Crowdfunding a Dream: Evaluating Progress

Crowdfunding TipsI was looking over the progress the campaign has made last night and thinking up strategies to help us plan a path forward that will help make it more successful, because writers don’t quit, when I decided to look at the numbers and see what I could learn from them. The results tell me a lot about what’s really happening with the campaign, and where there’s room for improvement.

Social Engagement

7 out of 10 of our posts have received between 1 and 4% of people who see it engaging with it. Considering that big brands usually achieve .07% (you are reading that right. 7 out of every 1000 people engage with the tweets of the big brands), our campaign tweets are hitting it out of the park. People are interested and they are listening. That’s really good news for our campaign. Our marketing strategy is actually working very well, despite the donation levels.

Impressions Versus Visits

2,718 people have seen the campaign information. 34 have actively engaged with the information. But out of those 2,718 people, 113 have visited the campaign. That means we are getting 4 out of every 100 people who see the information about the campaign to visit. Keep that number in mind, because we’ll see how that’s going to work out for us later.

Visits versus Donations

Right now we have 2 people donating for every 113 who visit, or roughly 2%.

Average Donations

Based on this sample size, we are averaging $15 per donation.

What the Numbers Mean

With an average donation of $15, we need to find 81,333 more people willing to donate that much or more in order to hit our target goal of $1,250,000. With a donation rate of roughly 2%, we need to draw roughly 4.5 million people to the campaign in order to get that many donations. And in order to find that many people willing to view the site, we need to receive about 20 million impressions.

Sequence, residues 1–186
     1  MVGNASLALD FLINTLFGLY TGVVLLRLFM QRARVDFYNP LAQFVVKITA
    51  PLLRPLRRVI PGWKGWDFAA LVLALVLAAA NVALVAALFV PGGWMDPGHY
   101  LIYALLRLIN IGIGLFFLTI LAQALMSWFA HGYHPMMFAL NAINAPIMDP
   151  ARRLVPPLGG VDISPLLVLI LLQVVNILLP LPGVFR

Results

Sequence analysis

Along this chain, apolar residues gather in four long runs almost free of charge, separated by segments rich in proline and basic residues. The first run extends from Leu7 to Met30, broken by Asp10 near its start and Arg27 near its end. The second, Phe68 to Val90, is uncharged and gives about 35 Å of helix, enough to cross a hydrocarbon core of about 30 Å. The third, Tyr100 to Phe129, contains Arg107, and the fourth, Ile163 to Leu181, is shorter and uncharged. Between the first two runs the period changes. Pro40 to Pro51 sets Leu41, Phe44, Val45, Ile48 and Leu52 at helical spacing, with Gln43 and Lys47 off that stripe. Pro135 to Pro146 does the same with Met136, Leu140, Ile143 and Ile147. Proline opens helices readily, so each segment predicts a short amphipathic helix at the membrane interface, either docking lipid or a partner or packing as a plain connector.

The Strategy

Getting 20 million impressions sounds really hard, but it isn’t. That’s the beauty of social media. There are 307 million active Twitter users. We don’t have to worry about being able to reach the 20 million impressions mark. We just have to worry about finding, and attracting to our campaign, users with far larger followings than our own. It’s called amplification, and it allows us to expand our reach exponentially beyond what we can achieve alone.

Joining Forces to Turn Up the Volume

If you or I were to stand on the middle of a New York sidewalk, speaking about our campaign, our chances of being heard would be very low. There’s just too much noise surrounding us for our voices to be heard clearly.

However, if you and I and several of our friends get together and begin speaking that same message, we can each reach more of the people in the crowd. The more appealing the message, the more people begin to join in spreading it, and suddenly our message is being heard by more people in more places than we could ever reach on our own.

Attracting Followers

One of the easiest ways to increase impressions is to build up the number of followers. Easier said than done, sometimes. I spent two years just below 700 followers, and couldn’t seem to get past that hurdle. Publishers tell you that you need a small city’s population worth of followers before they seriously consider picking you up as a writer, something we’ll talk about in the next post.

What changed? I did. I decided to engage in conversation with people, to respond to relevant trending hashtags, and to provide useful content that the people following me would be interested in receiving. The result? The addition of almost 100 new followers.

I’ve also employed a strategy I hadn’t been using before: thanking the people who follow me by following them in return. If I want to understand the people who follow me better and anticipate what they will respond to, it only makes sense to do this. I get to see their thoughts, their ideas, and the things that matter to them. If I’m smart, I capitalize on that information to formulate messages that target their needs. It’s a win-win for both of us.

A Long Way to Go, But Hope on the Horizon

We have a lot of work to do if this campaign is going to be a success. There’s no doubt about that. However, we now know for sure that what we want to do is achievable, it’s merely a matter of reaching the right people by amplifying the message.

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